In Shock, Cycling to Roke Farm Nr Odiham Village

Rogan Whitenails

A deluge of cur, domestic and stray,

Having breached the Lidl on Dogflud Way,

Is pouring and pawing through Farnham’s centre,

Defying the model by failing to enter

Those turns that orthodox floods would ingress –

Borelli Yard, which leads to the cress

Of the low-lying Gostrey Meadow,

Or the upper ends of the oxbow,

Which, on either side of The Borough,

Lead down to Union Road's non-thorough

Description of a concave line.

After pouring past roads which incline

Downwards, this flood of caprice –

Compelled by fondling wisps of anise,

Or a parasite in its brain –

Turns sharply up Crondall Lane.

Inundation, sceptical of declivities,

Repudiating proclivities

That unpretending floods exhibit,

Raises its microchipped crest to fit

Through Dippenhall Street’s narrow north end;

And the poet who did not intend

For his last poem as a young man

To be about shock, enters the span

Of shock’s bardo.


Dear Patron of these unedifying

Couplets – my wife is lying

In the recovery position!

Won't you condescend, please, to commission

This poem as found,

As if the references to phizog-bound

Flants are as per your brief;

As if you requested the “shock” motif

And the Crundhal Hundred setting?


This morning, whilst my wife was getting

Ready for work, she slumped on the bed.

I pulled my jeans on over my red

Pyjama bottoms, and I could see

She had had a stroke, and so, gently,

I pushed her onto her side;

And went, dear Patron, on a cycle ride.


Let this be the verse/your invoice;

From a mid terraced cottage near the Rolls Royce

And Bentley showroom, commencing.

The pollen, perhaps wilfully unsensing

Of direction, is included as agreed,

So too are the chaplain, his singular mead

And the hopelessly spookable horses of Odiham,

Their flehmen and vocodium,

Their alien-sounding call of alarm.


In shock, I am cycling to Roke Farm,

Ingesting and inhaling flying

Ants; my wife left lying

In the recovery position;

We are fast in this intermission

Between the life we shared before

And the next, as carer and cared for.


Odiham’s three-abreasting equestrians –

As egocentric as Farnham’s pedestrians

(Farnham’s pedestrians – never trust ‘em,

For jaywalking there is the custom,

A blinkeredness, unabated;

And the bright follies of the designated

Points for crossing are ignored).

Anyway, as I am cycling toward

Some self-centred riders, three abreast,

Almightily they are dispossessed

Of their skittish, broncoing hosses.


Wendy Carlos and alpine schlosses

Set on mountain podiums:

These are the disparate things that Odiham’s

Horses evoke with their calling;

A brief spell of eternally galling

Vocoderous yodeling,

Evoking incongruous bedfellodeling


A rain shadow wind that flows

Down leeward slopes and ELO's

Delightful "Mr. Blue..."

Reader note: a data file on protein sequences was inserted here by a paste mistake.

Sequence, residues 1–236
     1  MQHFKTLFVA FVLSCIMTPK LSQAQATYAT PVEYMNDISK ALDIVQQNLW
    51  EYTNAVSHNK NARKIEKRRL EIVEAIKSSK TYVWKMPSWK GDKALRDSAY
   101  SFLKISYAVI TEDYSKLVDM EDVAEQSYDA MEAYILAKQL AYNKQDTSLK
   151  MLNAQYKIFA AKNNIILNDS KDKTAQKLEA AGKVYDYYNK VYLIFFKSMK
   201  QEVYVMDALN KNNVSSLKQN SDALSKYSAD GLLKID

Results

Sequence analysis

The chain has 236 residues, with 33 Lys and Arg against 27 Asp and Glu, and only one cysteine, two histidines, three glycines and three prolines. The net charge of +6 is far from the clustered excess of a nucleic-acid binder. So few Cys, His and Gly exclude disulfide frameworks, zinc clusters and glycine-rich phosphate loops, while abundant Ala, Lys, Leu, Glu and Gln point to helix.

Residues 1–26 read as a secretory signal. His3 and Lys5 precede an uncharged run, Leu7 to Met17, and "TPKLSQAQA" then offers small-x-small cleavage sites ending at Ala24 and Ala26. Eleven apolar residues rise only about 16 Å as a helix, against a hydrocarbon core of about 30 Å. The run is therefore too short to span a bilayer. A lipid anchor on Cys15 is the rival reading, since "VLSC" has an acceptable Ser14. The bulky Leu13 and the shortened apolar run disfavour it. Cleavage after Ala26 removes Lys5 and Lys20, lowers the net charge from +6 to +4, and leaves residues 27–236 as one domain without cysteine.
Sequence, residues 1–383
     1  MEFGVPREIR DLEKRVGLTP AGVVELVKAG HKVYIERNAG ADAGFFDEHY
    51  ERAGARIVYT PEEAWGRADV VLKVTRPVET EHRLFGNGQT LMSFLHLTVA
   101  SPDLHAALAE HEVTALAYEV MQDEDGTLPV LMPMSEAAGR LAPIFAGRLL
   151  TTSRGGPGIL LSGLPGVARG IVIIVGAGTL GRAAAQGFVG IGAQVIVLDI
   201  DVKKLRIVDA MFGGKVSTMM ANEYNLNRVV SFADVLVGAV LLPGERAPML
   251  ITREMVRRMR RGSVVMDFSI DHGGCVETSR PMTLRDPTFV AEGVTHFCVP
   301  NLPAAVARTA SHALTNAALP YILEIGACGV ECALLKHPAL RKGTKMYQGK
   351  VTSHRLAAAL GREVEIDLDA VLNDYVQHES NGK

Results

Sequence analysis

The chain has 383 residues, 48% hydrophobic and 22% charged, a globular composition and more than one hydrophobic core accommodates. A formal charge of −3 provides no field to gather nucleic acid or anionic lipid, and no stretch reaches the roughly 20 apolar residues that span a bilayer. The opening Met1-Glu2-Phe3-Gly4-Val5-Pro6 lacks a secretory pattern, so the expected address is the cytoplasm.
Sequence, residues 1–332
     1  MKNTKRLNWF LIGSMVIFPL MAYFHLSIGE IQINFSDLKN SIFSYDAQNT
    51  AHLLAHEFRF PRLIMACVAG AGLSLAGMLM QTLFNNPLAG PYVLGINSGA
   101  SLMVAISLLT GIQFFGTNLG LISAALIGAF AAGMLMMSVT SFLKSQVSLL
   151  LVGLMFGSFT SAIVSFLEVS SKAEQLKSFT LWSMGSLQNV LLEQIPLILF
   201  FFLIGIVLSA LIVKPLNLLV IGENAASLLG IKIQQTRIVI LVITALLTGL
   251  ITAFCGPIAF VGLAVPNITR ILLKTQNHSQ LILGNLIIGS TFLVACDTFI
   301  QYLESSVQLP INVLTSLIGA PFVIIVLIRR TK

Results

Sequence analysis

Are spatchcocked with contumely into

My wallowing shock,

Wadding up my Being, like burdock

Wads up a horse’s mane with its seeds.


Alas! for Odiham's weak-kneed breeds

Of horse – prodigiously skittish,

Waylaid by the merest “pfft”, un-British!

Alas for those wazzock savants – aloof

And blasphemously un-bombproof,

And yet, by some untenable quirk,

Shunned by “The Sanctuary for Frankly Berserk

And Freaked Out Horses” in Ewshot,

The village that has a Rorschach inkblot

Limned on the sign that welcomes you in:

Effroyable papillon felphplurbin –

A butterfly or two rearing horses?!


The chaplain attached to the Royal Air Force's

Helicopter base near Odiham

Drinks windsock mellibrodium,

A lachrymose mead, best drunk alone,

Made with the pollen that collects in the cone

Of a windsock; and he does appear –

Emerging as he is from a gap that deer

Have made in the roadside hedge – to be

Considerably mithered and liminoidly

Lost to the billowing mead he quaffed.

The rays of the level sun – so soft

And sloomily rendered – are blinding;

And the poor chaplain, instead of finding

A mercifully remedial promenade,

Or temperate path, which one might regard

As not too much to ask for,

Staggers, and then staggers some more,

Into the way of the shying horses.

Slovenly pollen, extracted from sources

Of conspicuous direction –

Not to have made a slight correction

To its host's passage was remiss,

Making a mockery of the osmosis

That primed it to orient smartly.


The flants disperse as the chaplain, partly

Because of the pollen's inaction,

Collides with the breeds of un-British extraction;

But instead of screaming, he has the look –

Three fingers pressing on his elbow crook –

Of a mellow charades-playing guest,

Or of someone after a blood test, 

Holding a cotton wool ball in place

On his antecubital space.

Pantomime or phlebotomy;

Forlorn fingers – the very three

He tends to press on the pulpit's rim

To steady himself – are giving him

No support, not here.


Shock is an angel, but insincere;

Stark but quite at home with lies;

It don’t philosophise – 

It don’t even floss its teeth;

Shock is an angel, a soaring sheath

Of deliverance and deception,

Gingivitis and the perception

That time is slowed, each moment as long

As God's ever-voweling diphthong. 


Syllabic fingers in the crook of his arm;

In shock, I am cycling to Roke Farm,

Ingesting and inhaling flying

Ants; my wife left lying

In the recovery position.

Sans denouement, verse in transition:

Fysigunkus shock, phizog-bound flants,

A flood that favours a road that slants

Upwards, the chaplain's futile resort –

Three fingers that vouchsafe no support;

And shock is an angel, a sheath, a bearer

Away from the life of cared for and carer.

Main Location:

Farnham, Surrey, UK